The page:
“People started to believe: ‘If he can make it to Olympus, so can we.’” In a country that has long presented itself as being a race-indifferent democracy – more a myth than a truth – this was crucial for self-esteem.
Pelé knew how to reinvent his career off the field. He studied, was a sports commentator, dabbled in business – he was even the Minister of Sport for a time. But, above all, he was simply a living legend.
“I’m not looking for people to speak well of me when I die,” he told EL PAÍS in 2014, shortly before starring in the kick-off at the World Cup in Brazil.
Pelé rarely spoke about politics. He was accused of being indifferent to the Brazilian military dictatorship (1964-85). He even embraced dictator Emílio Garrastazu Médici in 1970, ignoring questions about the regime’s repression. In the 2021 documentary about his life, when asked about his apolitical attitude, he replied: “Football always stayed the same. I didn’t notice any difference.”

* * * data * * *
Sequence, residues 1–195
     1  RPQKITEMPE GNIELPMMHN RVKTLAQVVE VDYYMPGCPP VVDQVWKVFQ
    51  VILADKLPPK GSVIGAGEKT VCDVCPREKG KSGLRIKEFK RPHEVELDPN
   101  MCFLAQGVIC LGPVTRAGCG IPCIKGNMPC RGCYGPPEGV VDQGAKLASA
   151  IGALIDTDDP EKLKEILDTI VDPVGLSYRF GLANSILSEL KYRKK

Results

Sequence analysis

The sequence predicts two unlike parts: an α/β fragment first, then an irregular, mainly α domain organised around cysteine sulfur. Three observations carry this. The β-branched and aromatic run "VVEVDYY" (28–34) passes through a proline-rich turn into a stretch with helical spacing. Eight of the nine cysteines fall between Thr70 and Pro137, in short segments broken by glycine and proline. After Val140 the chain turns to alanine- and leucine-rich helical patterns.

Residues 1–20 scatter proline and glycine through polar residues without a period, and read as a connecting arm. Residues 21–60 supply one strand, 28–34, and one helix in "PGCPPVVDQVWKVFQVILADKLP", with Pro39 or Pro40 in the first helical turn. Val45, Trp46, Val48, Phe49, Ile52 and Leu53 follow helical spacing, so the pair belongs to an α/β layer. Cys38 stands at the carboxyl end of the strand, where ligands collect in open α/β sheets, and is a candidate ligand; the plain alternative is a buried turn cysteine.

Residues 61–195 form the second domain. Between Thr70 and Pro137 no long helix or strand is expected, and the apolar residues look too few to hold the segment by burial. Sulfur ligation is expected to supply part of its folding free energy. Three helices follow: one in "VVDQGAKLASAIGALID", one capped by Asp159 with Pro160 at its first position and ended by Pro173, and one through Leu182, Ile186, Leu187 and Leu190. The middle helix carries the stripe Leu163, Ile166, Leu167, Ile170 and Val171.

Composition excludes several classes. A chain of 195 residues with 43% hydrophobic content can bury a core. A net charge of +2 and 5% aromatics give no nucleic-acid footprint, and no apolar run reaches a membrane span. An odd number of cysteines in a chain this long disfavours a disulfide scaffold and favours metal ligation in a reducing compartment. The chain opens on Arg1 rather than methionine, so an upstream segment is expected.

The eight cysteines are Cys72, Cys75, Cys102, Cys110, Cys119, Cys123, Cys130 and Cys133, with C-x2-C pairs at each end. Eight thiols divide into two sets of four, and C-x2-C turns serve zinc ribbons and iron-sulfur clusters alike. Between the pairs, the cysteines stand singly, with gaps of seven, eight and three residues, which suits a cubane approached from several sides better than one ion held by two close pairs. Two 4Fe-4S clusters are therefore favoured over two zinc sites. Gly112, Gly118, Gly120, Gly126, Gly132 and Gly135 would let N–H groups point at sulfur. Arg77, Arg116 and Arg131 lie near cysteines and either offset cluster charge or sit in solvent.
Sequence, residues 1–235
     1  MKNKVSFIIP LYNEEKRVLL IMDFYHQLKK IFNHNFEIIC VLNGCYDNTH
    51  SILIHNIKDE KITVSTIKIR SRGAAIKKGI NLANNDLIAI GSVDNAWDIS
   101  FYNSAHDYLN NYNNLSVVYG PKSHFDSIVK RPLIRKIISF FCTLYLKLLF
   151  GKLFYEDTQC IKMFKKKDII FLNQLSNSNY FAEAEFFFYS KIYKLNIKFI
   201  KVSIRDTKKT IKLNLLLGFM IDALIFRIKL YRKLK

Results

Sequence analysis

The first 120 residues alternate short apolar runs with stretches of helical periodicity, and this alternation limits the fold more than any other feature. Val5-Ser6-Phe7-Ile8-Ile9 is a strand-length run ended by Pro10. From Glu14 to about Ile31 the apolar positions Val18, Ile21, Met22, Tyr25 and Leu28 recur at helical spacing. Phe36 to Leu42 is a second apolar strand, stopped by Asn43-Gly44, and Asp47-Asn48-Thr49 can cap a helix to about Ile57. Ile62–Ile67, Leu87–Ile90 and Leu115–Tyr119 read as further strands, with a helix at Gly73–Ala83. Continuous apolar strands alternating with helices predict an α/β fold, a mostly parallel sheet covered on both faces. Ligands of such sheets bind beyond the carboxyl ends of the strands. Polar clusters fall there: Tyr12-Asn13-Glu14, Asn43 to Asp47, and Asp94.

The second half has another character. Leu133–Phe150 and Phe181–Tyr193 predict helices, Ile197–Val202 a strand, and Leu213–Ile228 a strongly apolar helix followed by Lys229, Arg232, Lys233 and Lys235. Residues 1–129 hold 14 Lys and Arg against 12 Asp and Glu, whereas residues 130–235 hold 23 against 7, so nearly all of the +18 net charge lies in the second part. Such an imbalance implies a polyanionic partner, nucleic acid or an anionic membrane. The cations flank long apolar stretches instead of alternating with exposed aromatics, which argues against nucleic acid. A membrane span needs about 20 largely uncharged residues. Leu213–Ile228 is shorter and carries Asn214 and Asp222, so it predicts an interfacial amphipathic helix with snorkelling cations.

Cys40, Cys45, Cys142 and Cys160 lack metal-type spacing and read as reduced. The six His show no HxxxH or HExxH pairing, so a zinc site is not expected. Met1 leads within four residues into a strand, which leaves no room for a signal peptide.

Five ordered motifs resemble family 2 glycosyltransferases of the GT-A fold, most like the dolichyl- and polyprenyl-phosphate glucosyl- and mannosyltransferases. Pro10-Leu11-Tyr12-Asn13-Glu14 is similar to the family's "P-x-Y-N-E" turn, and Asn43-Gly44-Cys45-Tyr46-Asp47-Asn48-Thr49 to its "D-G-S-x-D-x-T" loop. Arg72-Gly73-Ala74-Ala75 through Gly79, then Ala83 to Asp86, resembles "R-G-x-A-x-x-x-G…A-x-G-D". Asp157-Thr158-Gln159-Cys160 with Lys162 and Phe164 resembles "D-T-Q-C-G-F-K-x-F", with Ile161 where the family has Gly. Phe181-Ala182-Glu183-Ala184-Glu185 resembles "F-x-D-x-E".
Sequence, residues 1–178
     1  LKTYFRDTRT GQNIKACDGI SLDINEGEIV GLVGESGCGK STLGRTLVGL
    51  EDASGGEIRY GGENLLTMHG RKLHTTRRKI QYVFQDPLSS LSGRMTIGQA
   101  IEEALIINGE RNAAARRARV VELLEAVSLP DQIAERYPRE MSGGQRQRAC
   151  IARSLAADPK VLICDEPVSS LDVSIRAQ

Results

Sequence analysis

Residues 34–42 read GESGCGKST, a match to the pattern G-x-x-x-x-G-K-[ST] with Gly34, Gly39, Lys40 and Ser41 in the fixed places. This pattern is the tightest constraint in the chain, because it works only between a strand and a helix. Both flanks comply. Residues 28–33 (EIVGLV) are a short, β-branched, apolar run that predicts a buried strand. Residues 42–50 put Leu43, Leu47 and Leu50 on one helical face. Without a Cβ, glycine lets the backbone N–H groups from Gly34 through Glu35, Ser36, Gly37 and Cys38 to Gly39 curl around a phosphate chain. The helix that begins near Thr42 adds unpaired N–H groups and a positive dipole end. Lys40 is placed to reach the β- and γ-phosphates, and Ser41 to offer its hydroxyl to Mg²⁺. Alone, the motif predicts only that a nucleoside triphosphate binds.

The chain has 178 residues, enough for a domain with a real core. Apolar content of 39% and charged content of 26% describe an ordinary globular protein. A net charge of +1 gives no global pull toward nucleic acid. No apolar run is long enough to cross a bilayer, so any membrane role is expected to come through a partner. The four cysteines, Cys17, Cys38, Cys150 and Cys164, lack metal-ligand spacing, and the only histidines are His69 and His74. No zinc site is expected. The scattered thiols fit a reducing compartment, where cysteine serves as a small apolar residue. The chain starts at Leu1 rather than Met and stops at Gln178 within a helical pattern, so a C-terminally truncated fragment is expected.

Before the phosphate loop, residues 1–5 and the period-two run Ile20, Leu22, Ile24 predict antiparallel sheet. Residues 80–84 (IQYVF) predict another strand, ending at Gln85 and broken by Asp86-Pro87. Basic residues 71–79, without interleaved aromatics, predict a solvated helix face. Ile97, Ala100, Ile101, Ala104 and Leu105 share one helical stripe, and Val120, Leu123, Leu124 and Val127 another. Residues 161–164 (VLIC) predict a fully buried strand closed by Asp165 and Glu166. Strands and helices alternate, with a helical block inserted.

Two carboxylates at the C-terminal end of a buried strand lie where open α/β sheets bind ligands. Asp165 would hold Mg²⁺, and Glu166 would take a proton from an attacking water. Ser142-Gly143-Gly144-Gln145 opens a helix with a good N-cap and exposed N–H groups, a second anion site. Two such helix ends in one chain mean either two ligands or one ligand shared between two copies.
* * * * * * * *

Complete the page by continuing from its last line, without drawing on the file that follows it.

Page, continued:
Despite always being recognized, he did manage to draw a line between his sporting career and his personal life. The father of four daughters and three sons, he had many girlfriends, including the television star Xuxa. He married his third wife in 2016.
“No one is interested in knowing much about Edson,” Pelé used to say. Since the player never let the fans down, he didn’t want the man to fail them either.